An invite there was a political coup for any ambitious politician in the great state of Georgia. His family was there to greet quests. Old school mates and friends stood right alongside people who hated Watlow’s guts. Their insincere smiles were plastered on their faces for the sake of their career.

A parlor was set aside for the body. People could pay their respects and then join the rest of the mourners in the massive ballroom that was decorated in black and had old photos of Watlow in his younger years. Caterers discreetly moved about offering hors d’oeuvres to the somber gathering.

Standing near an open bar, Detective Wu surveyed the room carefully, taking mental notes of who was there, and who wasn’t. Prior to that he was at the station working with a dedicated crew of cops gathering all of the information they could on the slain senator. Before he left he briefed his top computer guy, Max, to stay at his computer while he attended the wake. He wanted instant access to photos and information.

Wu had a reputation for quickly solving cases. His street instincts, vast criminal experience, and training in criminal psychology, made him a legend at the precinct. The senator was found in the house’s industrial sized kitchen. He was stabbed twice in the chest. By the time he was discovered in the morning, by the head cook, a dark pool of blood was congealing alongside the body.

It took Wu three hours before he released the body to the coroner. His forensic team tip-toed around the notorious grump. He didn’t like people talking when he went over a crime scene. It was his habit to take on each murder like it was a personal affront to him. When on a case Wu lost his usual sense of humor and replaced it with the determination of a honey-badger feeling threatened.

He spent the last week interviewing every family member and friend he could find. His team carried the search wider and looked up professional contacts, his personal Facebook account, and anyone who was part of his daily routine. The intensive search was at the urging of the Chief-of-Police who was feeling political pressure to solve the case quickly.

The F.B.I. had it’s own team in town. Wu put up with that reality, but he wasn’t happy about it. It was his case. The feds had a way of throwing their weight around that irked Wu. That’s why he didn’t let the them know that he was following up on a lead that he developed.

The lead took him to the wake.

According to his personal secretary (and mistress as it turned out), Amelia, the old reprobate was murdered by his wife when she found out he was cheating on her. No one found the murder weapon and no knives were missing from the kitchen. She wasn’t the most credible character. Wu also suspected there was more to her story.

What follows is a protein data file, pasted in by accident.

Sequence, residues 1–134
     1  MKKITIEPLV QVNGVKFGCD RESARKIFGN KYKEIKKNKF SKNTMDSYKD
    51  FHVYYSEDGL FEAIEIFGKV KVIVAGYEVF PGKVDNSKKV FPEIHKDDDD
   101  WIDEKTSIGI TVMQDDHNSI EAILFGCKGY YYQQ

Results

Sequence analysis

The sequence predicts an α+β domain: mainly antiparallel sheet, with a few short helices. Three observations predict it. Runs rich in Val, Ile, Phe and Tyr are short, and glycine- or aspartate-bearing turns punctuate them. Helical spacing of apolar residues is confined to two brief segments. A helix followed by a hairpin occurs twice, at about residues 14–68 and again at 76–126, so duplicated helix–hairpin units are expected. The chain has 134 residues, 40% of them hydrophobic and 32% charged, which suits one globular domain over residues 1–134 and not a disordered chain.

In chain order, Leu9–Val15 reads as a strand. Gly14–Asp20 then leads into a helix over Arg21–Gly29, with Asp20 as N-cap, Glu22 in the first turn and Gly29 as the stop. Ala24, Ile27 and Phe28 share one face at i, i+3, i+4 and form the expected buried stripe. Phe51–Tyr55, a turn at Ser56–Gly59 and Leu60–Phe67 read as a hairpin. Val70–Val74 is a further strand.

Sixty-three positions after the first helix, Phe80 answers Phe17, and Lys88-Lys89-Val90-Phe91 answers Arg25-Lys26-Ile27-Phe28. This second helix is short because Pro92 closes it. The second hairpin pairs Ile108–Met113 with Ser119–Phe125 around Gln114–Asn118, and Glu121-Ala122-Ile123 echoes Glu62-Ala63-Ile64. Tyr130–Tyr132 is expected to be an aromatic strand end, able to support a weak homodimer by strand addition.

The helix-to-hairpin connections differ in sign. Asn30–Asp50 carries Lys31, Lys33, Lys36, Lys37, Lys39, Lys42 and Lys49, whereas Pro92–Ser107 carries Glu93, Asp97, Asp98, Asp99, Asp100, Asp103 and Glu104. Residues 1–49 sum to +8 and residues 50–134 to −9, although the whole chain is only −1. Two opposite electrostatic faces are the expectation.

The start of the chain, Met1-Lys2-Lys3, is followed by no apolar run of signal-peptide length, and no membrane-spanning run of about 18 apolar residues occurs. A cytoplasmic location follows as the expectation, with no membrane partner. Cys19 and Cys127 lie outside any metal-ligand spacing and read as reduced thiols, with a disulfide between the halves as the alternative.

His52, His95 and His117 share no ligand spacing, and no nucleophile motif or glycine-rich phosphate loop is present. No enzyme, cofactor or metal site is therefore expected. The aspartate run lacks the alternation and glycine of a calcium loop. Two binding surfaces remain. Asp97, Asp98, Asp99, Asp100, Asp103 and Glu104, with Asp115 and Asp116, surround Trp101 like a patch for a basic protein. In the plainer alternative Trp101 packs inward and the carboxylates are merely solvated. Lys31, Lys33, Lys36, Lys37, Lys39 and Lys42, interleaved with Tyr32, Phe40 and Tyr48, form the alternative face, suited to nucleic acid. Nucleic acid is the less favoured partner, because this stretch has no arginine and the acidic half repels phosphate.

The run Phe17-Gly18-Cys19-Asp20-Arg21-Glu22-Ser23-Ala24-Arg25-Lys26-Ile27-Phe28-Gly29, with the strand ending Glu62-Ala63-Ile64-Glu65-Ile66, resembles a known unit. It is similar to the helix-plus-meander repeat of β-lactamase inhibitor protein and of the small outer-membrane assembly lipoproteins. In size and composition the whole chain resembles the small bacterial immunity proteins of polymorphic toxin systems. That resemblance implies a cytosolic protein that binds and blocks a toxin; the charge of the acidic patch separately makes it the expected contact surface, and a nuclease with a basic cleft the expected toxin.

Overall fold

She claimed she was there when his wife attacked him. The wife was supposed to be at a convention in Virginia, but came home early for some reason. She was in the downstairs bathroom when she heard the wife come in and an argument break out. She was also naked. Her skimpy nightie was on the kitchen table where he threw it after taking it off her minutes before.

She then explained that she opened the bathroom door and peaked out. She heard a scream of rage and it scared her, so she bolted for the front door like a deer. It was a humiliating and terrifying night she’d never forget, she told Wu.

Three things came to Wu after her story.

One. There was no nightie at the crime scene.

Two. There was no sign of any of the girlfriend’s personal belongings. She wore clothes there. Had a purse. A phone.

Three. There was no way he could see the senator’s tiny old wife attacking him with a knife.

There was also something else that bothered him. The senator’s relationship with his personal secretary was a secret. No one apparently knew that. If they did, they didn’t say anything when Wu asked them about her.

He saw Amelia talking with a group of people, and wondered what her motivation was for telling him that story about the senator’s wife. His bullshit meter was registering a ten-out-of-ten on the suspicion scale. What nagged him was the feeling that he was missing something. Motivation. Why would she kill her boss, and secret lover?

Two hours passed and guests were starting to leave. As the crowd thinned out he noticed the senator’s wife and Amelia huddled in a corner of the room. He discreetly watched as the went up the stairs together. He followed at a safe distance and saw them disappear into a room.

He looked around the hallway and determined no one else was there before going up to the door and pressing his ear against it. He was barely able to make out some words. What he did make out confirmed his suspicions. The two women plotted together to kill the senator.

He heard Amelia ask the wife for her money.

“I did my part,” Amelia said. “Do you have the money?” 

As Wu listened it occurred to him that Amelia was playing a dangerous game. She killed the senator for money, and was setting up his wife for the murder. He heard the wife say Amelia could have the murder weapon, which she was holding as insurance, as long as she left the country.

The conversation lasted nearly an hour. When the door opened Wu was standing there shaking his head. Before either woman could react he grabbed Amelia’s purse, opened it, and saw the knife.

“You two ladies have the right to remain silent. Anything you say can, and will be used against you in a court of law. You have the right to an attorney…”

As It Stands, the best laid plans of mice and women, often go astray.